(via Digital Waveriding)

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Lessig, the Abolition Movement and the Wicked Problems We Face

Stumbled over this very thoughtful interview by Charlie Rose with Stanford professor, Creative Commons founder, copyright reformer and Change Congress-initiator Lawrence Lessig (via Lessig’s Blog) :

Lessig has some very interesting remarks re: his meeting with Barack Obama years ago, where Lessig encouraged Obama to seek public office. According to Lessig, Obama responded, “you know, Larry, guys like me don’t make it in public service like that”. Obama presumably felt politics would demand too great compromise, than he felt he was able to give. Seems like he changed his mind. Here’s fingers crossed he’ll have some success in changing that game.

On another interesting note, Rose asks Lessig if he has any concerns in regard to filesharing and what’s happening in ‘free culture’, if he’s to take the perspective of ‘the other side’, i.e. the entertainment industry and MPAA intellectual property lobbyists. His answer is thoughtful and enlightening. Lessig fears, he says, the extent to which the reactionary and draconian IP legislation has created such resistance to copyright law, that the new generation – or a substantial segment of the new generation, will simply abolish copyright law altogether – just get rid of it :

Lessig : I think there is a real risk, because of the growing – I think of it as a kind of abolitionist movement with copyright. People who think that copyright was a great system for the 20th century, but we just need to get rid of it now. It’s not doing any good now, it’s not necessary, let’s just abolish it. Well, I am not an abolitionist. I believe copyright is essential in the digital age. I think we have to find a way to make it sensible in the digital age, but we have a richer, more diverse culture with it than we would without it. But my real fear is that the last ten years has unleashed a kind of revolutionary attitude among the generation that will take over in ten years and it’ll be hard for them to distinguish between sensible copyright legislation and the kind that we’ve got right now. So my real fear is we’re gonna lose control of this animal. Not in the sense, that we’re trying to guide it, but in the sense that we’re creating an environment where we can really have rich, diverse culture. So in this sense I feel like I’m Gorbachyov, not Yeltsin, I’m like an old communist who’s just trying to preserve..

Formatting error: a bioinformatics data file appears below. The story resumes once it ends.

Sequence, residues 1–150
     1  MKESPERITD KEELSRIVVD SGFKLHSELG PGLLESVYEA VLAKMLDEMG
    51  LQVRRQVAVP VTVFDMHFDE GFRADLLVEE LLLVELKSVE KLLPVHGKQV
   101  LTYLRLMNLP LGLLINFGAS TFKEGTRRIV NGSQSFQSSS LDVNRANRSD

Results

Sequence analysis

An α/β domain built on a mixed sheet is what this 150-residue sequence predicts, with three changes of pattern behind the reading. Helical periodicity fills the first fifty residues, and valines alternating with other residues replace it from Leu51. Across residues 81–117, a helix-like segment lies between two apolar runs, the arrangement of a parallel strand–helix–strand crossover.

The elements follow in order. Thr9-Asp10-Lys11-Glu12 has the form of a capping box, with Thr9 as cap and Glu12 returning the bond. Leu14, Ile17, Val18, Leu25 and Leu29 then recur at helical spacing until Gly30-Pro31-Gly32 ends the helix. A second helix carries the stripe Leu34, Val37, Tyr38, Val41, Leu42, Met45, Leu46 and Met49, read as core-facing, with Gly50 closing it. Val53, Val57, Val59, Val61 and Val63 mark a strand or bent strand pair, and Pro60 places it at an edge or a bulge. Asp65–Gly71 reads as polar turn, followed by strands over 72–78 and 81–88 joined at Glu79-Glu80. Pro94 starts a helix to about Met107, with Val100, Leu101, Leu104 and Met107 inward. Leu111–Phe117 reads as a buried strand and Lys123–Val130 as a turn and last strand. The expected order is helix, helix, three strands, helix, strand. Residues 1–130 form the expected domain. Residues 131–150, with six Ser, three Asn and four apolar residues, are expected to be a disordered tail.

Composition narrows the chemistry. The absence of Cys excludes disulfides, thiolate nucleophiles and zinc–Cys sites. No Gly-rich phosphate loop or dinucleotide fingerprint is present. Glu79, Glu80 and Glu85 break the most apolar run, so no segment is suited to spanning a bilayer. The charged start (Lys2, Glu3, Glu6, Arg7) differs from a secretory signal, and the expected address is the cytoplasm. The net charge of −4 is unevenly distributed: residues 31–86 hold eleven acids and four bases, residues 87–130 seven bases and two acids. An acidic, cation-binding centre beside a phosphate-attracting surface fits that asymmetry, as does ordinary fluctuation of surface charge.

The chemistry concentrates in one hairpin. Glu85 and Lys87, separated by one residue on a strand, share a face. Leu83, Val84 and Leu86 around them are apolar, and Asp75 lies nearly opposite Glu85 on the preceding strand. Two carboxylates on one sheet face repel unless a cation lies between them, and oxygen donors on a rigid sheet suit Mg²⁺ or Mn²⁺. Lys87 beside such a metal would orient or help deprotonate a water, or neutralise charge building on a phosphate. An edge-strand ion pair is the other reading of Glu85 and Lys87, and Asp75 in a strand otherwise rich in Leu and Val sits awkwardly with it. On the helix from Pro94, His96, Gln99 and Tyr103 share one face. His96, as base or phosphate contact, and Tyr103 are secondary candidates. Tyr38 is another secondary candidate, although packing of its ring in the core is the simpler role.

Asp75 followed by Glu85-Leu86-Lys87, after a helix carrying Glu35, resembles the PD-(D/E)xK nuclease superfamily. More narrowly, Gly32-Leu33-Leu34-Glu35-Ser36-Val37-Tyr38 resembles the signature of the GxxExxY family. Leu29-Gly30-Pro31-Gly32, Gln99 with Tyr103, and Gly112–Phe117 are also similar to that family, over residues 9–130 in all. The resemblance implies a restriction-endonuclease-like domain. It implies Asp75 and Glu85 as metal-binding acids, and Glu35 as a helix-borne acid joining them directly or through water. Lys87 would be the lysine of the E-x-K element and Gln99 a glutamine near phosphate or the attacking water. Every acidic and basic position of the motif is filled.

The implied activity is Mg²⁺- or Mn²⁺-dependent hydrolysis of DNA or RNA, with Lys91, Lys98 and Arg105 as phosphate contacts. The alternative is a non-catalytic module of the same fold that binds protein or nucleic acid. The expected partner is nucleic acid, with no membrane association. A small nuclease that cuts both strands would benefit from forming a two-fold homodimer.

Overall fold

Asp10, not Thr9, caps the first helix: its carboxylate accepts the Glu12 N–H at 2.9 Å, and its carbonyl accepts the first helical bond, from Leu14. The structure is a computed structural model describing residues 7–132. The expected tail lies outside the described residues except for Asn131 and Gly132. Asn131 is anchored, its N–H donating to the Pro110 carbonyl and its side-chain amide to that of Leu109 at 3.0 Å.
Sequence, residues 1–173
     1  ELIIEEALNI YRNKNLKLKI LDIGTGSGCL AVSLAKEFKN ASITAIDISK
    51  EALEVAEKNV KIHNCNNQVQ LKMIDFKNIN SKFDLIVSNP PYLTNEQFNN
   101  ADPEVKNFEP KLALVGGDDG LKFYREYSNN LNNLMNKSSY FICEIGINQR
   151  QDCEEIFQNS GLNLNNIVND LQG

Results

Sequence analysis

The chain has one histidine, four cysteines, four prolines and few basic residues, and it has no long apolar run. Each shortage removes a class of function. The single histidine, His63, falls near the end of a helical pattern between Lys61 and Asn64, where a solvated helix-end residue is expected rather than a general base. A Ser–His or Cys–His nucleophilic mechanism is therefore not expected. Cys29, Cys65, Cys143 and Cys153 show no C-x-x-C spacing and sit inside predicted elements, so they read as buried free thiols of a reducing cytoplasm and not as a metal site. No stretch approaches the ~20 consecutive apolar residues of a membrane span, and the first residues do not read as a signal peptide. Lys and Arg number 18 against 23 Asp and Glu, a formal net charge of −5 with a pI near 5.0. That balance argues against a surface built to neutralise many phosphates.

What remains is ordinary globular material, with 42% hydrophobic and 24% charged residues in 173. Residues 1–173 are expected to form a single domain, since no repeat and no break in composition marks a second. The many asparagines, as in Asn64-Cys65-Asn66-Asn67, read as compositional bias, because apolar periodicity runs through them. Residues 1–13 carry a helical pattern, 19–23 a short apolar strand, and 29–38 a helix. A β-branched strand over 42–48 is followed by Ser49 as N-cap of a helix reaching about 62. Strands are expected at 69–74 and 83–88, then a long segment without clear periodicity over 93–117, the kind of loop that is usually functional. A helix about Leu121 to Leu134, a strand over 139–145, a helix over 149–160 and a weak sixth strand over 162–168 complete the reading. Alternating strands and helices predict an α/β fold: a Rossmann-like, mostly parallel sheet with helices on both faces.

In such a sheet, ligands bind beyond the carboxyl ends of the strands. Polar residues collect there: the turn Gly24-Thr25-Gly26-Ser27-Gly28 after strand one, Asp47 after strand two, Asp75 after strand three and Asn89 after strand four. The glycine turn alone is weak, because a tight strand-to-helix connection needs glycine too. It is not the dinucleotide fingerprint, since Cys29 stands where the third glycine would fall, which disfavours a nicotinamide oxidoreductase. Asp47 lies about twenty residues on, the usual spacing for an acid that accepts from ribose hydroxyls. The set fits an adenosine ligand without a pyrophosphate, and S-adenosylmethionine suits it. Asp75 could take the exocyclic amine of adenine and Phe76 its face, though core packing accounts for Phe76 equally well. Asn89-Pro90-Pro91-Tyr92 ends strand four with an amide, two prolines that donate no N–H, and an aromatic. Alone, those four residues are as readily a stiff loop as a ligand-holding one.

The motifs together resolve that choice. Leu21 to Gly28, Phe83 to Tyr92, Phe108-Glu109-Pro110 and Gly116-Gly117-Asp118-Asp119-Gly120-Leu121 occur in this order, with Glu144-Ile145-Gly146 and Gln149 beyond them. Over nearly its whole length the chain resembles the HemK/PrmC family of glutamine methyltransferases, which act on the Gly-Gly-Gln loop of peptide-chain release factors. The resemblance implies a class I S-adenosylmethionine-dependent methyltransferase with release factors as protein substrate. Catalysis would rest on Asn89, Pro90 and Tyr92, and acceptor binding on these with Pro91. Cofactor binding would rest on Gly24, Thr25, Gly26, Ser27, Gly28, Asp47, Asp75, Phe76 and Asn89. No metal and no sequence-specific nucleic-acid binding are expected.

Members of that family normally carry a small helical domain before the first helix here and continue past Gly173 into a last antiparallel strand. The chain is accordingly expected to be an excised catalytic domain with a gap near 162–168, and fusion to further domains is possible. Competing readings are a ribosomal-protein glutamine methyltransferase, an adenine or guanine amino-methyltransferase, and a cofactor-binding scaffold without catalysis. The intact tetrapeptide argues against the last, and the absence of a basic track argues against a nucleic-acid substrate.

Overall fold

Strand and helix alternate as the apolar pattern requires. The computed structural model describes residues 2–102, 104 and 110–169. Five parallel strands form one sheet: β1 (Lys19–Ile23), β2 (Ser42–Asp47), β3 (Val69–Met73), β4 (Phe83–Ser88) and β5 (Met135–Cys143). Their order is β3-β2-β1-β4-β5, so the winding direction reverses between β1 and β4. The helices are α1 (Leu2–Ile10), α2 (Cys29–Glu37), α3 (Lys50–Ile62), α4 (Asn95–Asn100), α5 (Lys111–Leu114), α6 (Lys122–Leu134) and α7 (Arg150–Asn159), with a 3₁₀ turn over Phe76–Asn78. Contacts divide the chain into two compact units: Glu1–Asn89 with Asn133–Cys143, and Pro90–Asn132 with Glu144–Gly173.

Rose : (laughs) – who’s not gonna let go of everything…

Lessig : Yes exactly right. They just wanted to reform it, to make it make sense.

Rose : But can you do that, I mean?

Lessig : Gorbachyov couldn’t. So I don’t know. But that’s what I’m afraid of. I’m afraid we’re gonna destroy something important. Because the thing copyright does, when it works well, is it’s very democratic. It gives the artist an independent ability to create. He doesn’t have to worry about his patron, supporting his kind of creativity. He can create on his own. And he creates on his own, and he owns what he creates.